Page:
Research Shows Alcohol May Benefit Hearts of New Drinkers


Contact: Heather Woolwine


March 6, 2008

EMBARGO: March 7, 2008/ 5 a.m. EST

Research Shows Alcohol May Benefit Hearts of New Drinkers

Study participants showed lower rates of cardiovascular disease after 4 years

CHARLESTON -- A Medical University of South Carolina (MUSC) Department of Family Medicine study concluded that people who began moderately consuming alcohol in middle-age experience a quick benefit of lower rates of cardiovascular disease morbidity with no change in mortality after four years. In addition, the study found that those who consumed alcohol for the heart health benefits rarely drank more than recommended amounts. The study has been published in the March issue of the American Journal of Medicine, and was conducted by MUSC?s Dana E. King M.D., Arch G. Mainous III, Ph.D, and Mark E. Geesey.

"Most people are aware that moderate alcohol use can be part of a healthy lifestyle, yet current guidelines caution non-drinkers against starting to drink in middle age," said King, lead author of the study. "We wanted to evaluate whether adopting moderate alcohol consumption in middle-age would lower cardiovascular risk. We were excited to find that moderate alcohol consumption, or one to six servings a week, lowered cardiovascular risk for our participants."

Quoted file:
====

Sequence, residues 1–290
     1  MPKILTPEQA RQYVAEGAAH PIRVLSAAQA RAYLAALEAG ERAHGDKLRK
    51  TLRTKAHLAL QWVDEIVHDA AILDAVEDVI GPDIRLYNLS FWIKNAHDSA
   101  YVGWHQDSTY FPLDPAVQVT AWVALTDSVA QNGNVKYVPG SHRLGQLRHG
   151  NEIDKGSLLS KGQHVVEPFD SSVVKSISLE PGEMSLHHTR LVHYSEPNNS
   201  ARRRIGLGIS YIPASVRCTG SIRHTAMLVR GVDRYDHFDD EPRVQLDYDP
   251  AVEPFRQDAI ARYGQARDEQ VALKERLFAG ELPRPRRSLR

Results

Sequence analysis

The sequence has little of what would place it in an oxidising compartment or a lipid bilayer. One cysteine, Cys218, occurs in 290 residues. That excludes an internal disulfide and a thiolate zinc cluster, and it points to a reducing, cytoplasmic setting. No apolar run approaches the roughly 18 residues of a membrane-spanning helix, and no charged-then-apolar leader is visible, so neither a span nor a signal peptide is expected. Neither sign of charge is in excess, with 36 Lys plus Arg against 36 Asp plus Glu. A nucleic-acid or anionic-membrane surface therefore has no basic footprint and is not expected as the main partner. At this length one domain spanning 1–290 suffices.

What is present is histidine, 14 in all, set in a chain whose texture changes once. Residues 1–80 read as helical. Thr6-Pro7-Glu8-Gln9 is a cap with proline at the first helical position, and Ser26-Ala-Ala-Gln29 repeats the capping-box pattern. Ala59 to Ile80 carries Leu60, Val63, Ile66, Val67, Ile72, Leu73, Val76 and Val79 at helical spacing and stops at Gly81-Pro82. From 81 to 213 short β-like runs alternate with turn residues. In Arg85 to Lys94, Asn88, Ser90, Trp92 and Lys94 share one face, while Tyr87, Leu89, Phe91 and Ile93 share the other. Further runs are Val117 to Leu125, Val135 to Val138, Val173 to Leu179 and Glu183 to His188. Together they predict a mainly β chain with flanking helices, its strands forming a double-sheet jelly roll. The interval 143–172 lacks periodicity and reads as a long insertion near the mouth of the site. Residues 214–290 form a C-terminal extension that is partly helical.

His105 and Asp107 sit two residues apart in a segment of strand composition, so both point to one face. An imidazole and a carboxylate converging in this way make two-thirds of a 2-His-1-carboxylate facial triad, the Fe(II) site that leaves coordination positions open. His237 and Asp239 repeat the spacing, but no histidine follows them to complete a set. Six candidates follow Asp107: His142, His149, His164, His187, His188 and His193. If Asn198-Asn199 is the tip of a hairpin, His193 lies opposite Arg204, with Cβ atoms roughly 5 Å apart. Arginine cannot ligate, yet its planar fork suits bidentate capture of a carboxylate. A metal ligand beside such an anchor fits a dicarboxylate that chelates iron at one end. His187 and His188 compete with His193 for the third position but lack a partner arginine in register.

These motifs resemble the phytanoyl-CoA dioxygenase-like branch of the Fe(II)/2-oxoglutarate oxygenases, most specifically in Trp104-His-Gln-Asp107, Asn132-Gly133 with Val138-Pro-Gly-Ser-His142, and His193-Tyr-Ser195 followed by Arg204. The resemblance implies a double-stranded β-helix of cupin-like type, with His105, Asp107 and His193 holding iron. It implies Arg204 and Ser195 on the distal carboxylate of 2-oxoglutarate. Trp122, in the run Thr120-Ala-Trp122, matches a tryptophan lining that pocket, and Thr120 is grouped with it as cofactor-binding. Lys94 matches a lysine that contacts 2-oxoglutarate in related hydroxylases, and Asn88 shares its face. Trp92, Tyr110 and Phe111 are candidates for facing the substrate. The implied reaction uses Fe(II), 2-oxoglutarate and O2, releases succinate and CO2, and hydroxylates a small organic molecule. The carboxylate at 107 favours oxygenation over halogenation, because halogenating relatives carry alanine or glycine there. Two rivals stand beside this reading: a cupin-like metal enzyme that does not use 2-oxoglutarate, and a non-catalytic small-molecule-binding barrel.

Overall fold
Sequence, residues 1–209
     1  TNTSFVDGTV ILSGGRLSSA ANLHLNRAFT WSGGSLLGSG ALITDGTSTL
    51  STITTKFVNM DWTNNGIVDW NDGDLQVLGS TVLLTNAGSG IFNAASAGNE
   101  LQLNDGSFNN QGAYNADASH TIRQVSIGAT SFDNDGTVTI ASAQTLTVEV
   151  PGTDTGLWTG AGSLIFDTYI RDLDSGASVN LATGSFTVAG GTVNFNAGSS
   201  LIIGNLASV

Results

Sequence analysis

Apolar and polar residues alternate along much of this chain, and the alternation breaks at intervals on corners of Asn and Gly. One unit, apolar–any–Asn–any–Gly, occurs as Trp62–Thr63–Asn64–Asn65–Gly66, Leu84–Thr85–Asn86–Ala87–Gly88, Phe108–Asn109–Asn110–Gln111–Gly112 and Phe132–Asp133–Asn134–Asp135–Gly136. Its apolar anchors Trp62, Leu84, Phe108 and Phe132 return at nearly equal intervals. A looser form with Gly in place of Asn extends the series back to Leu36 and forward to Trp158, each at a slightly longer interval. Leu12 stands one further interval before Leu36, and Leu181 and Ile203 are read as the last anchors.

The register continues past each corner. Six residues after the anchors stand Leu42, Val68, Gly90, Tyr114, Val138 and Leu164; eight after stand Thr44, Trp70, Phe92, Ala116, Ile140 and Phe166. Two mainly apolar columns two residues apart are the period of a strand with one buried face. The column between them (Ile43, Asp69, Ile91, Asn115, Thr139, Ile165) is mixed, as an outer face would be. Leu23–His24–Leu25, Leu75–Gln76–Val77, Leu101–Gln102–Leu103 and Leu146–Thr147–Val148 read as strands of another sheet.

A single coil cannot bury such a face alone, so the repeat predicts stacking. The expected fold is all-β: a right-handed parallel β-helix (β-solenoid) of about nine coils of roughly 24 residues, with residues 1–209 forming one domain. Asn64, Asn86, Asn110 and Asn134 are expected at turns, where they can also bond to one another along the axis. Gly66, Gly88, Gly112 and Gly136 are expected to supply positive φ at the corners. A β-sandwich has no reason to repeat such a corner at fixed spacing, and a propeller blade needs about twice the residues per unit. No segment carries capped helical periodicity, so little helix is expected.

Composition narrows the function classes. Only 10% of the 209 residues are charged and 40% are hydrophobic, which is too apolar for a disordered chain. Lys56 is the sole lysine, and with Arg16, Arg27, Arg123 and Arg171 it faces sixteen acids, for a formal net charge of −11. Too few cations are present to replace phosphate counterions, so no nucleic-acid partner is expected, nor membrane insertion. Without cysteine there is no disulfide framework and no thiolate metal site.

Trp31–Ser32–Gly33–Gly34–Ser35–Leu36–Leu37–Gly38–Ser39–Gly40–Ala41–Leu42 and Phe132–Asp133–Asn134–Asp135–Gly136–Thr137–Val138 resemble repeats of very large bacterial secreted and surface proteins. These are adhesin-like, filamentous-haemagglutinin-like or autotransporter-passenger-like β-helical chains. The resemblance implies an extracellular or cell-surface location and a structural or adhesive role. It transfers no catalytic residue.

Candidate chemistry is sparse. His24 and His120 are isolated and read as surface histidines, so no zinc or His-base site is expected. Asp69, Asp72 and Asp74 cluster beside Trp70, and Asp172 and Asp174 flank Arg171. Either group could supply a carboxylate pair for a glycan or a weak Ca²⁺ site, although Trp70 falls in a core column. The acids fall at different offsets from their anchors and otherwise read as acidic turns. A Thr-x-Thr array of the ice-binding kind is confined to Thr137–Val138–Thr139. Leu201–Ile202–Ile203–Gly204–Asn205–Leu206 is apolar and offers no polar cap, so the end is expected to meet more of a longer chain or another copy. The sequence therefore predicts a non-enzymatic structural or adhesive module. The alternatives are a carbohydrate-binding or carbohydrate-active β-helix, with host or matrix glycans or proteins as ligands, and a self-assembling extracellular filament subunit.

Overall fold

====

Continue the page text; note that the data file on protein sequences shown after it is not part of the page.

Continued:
In contrast to a recently published study in the British Public Library of Science journal, PLoS Medicine, MUSC's study showed no increase in blood pressure for participants at moderate consumption levels (two drinks per day or fewer for men, one drink per day or fewer for women) during the four years of the study. New moderate drinkers had a 38 percent lower chance of developing cardiovascular disease than did their persistently non-drinking counterparts. This difference remained after adjustment for demographic and cardiovascular risk factors.

About MUSC

Founded in 1824 in Charleston, The Medical University of South Carolina is the oldest medical school in the South. Today, MUSC continues the tradition of excellence in education, research, and patient care. MUSC educates and trains more than 3,000 students and residents, and has nearly 10,000 employees, including 1,300 faculty members. As the largest non-federal employer in Charleston, the university and its affiliates have collective annual budgets in excess of $1.3 billion. MUSC operates a 600-bed medical center, which includes a nationally recognized Children's Hospital and a leading Institute of Psychiatry. For more information on academic information or clinical services, visit or